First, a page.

When I was a teenager growing up in Northern California at the dawning of the Age of Aquarius, Shakespeare was Leonard Whiting and Olivia Hussey in velvet clothing stroking each other and panting poetic dialogue in amber-tinged moonlight. The author was relatable: his star-crossed lovers could have been my peers, and it seemed obvious to me that anyone who’d ever been in love and had half an imagination could have dreamed up the plot. Fortunately my 9th grade English teacher, Mrs. Carol Graves, had let our class know that the identity of the author of Romeo and Juliet was sometimes disputed. That other individuals with more record of having lived a writer’s life had been suggested as having been the true author; such as Francis Bacon and Mary Sidney. Because there was so little surviving factual evidence, she informed us that the biography she was required to teach was mostly surmised. The expression on her face as she continued her lecture was as desolate as her surname.
I went on to study drama in college in San Francisco and remember at some point in a roundtable discussion grappling with the arbitrary, unconscionable actions of King Lear. Having been raised in a loving family I could not understand how any father could have been so cruel to his demonstrably true-hearted daughter! I finally decided that Lear simply had to have been drunk to have engaged in such wrong-headed behavior. Dramaturgy draws creative people who wear their hearts on their sleeves and from the stressful lability required of the craft they can emotionally disintegrate away from the stage. As a sheltered girl from a middle-class home I was sometimes shocked to watch my theater colleagues raging in their alcoholic or drug-induced stupors. But as time went on I was even more disturbed to see some of these magnificent artists succumbing to clinical depression—and those that didn’t succeed in ending their lives doing their best to make life miserable for themselves and everyone around them.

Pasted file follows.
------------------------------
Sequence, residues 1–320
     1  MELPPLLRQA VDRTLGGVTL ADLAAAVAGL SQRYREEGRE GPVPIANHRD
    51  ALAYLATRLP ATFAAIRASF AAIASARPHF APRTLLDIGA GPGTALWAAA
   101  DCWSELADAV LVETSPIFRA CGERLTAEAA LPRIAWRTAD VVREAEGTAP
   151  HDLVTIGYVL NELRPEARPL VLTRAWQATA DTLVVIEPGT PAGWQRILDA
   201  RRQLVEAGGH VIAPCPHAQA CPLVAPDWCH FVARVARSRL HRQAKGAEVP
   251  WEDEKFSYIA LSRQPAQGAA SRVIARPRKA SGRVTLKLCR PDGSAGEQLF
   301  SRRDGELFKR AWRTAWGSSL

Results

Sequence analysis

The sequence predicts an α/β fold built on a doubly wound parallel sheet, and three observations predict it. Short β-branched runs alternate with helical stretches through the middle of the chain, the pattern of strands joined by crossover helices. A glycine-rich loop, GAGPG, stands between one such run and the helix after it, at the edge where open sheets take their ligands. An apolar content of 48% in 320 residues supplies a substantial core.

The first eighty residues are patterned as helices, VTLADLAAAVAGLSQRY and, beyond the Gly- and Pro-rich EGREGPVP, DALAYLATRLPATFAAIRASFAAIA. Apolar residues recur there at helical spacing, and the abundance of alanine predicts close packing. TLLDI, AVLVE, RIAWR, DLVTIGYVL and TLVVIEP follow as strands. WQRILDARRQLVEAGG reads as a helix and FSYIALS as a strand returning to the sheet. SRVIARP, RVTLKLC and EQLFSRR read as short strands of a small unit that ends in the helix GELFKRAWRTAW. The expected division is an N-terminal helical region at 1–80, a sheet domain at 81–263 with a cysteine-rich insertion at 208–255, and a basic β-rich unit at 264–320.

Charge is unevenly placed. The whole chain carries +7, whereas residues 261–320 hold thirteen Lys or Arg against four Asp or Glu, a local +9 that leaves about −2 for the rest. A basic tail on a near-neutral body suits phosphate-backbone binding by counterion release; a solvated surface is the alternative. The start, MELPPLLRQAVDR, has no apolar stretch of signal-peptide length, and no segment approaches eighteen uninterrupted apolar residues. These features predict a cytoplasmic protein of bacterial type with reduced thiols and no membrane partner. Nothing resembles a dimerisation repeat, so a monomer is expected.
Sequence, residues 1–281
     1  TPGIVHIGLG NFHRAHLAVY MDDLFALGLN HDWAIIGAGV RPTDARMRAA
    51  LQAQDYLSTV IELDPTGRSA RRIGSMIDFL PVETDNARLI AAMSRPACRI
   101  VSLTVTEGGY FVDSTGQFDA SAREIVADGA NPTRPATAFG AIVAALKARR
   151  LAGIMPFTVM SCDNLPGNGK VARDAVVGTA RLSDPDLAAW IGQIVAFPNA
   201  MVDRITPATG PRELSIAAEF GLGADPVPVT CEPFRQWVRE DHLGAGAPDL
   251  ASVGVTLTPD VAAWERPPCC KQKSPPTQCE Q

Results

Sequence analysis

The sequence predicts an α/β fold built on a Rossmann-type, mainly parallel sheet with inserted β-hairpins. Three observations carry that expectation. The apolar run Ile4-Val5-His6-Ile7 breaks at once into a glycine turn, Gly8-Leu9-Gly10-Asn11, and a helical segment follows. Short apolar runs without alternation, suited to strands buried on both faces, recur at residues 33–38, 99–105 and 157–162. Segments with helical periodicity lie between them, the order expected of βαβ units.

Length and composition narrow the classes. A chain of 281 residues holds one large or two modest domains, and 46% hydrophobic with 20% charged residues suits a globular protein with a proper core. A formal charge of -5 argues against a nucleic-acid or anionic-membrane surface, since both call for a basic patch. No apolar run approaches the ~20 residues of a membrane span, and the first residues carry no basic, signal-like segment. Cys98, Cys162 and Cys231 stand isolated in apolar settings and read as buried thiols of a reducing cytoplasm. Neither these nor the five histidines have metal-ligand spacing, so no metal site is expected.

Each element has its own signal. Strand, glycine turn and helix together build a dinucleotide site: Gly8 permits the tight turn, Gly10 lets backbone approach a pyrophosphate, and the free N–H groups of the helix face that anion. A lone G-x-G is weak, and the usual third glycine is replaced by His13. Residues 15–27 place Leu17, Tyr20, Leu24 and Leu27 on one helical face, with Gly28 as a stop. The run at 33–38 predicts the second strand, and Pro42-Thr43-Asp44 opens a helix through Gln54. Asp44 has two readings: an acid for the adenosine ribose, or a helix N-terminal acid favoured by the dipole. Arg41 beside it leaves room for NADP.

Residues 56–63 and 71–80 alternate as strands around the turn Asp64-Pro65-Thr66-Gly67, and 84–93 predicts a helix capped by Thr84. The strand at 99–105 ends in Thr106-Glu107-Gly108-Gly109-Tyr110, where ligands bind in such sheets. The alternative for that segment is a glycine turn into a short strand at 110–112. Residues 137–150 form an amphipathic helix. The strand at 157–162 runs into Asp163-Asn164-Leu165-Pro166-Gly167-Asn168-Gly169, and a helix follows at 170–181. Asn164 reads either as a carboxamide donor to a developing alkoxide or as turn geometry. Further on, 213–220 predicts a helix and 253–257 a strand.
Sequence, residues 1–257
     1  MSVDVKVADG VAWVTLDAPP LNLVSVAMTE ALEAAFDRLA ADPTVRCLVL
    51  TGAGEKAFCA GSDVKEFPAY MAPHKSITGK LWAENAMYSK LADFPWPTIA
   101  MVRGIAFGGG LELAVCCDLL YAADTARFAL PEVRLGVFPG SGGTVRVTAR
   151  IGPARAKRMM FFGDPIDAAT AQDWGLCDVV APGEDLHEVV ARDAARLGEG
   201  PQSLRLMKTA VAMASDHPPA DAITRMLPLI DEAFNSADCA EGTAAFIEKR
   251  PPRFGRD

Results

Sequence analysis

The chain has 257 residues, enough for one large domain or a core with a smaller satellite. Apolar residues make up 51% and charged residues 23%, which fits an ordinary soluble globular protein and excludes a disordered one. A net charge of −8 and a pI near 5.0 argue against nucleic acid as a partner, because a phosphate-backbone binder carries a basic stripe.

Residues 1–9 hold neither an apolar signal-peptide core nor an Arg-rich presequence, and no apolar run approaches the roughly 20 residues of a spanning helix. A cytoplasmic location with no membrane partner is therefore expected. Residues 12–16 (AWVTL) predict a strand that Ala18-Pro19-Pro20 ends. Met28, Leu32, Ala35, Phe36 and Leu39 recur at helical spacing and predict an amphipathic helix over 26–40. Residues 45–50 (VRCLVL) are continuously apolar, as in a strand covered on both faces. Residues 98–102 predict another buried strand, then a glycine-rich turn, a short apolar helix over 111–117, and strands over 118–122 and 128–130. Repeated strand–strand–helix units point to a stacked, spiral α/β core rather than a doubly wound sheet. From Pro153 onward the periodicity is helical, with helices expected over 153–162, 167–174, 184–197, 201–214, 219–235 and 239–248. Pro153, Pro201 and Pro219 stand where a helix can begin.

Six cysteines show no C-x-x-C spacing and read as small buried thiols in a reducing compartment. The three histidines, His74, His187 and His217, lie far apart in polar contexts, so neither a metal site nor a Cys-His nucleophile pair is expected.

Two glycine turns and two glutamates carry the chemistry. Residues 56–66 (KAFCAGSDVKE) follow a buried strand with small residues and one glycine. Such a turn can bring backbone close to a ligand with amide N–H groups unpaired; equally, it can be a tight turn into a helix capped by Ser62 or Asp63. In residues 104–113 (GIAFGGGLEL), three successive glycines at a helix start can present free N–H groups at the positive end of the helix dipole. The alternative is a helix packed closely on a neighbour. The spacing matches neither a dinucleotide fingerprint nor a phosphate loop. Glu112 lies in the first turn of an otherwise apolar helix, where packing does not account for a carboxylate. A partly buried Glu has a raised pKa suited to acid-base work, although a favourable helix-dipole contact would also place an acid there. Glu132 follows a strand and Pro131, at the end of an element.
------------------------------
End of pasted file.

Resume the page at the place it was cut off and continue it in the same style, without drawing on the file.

About half a century later, with decades of working in regional and educational theater as an actress, stage technician, technical director and production designer, in 1999 I happened to read a Panel discussion in Harper’s Magazine, “The Ghost of Shakespeare.” Of the panelists, Mark Anderson’s words in particular resonated with me and I was prompted to read his “Shakespeare” by Another Name. Learning about the biography of de Vere was like a truth portal drawing open a fogbank in a cheesy science fiction movie. The Shakespeare canon, with all its quirky, often unknowable allusions suddenly made more sense to me. And Lear. Wow, to me he was no longer a raging alcoholic but a terribly depressed human being. The words were no longer those of a carefree wordsmith dancing a merry branle with a lusty barmaid, but those of a deep, brooding thinker; a person whose privileged life was complicated and problematic; a troubled soul falling backwards over the brink into the darkness.
“How I Became an Oxfordian” is edited by Bob Meyers. You may submit your essay on this topic (500 words or less in an editable format such as MS Word), along with a digital photo of yourself, to: firstname.lastname@example.org. Also include a sentence about yourself (e.g., “John J. Smith is a businessman in San Francisco.”).
Next week’s essay is by William Ray.
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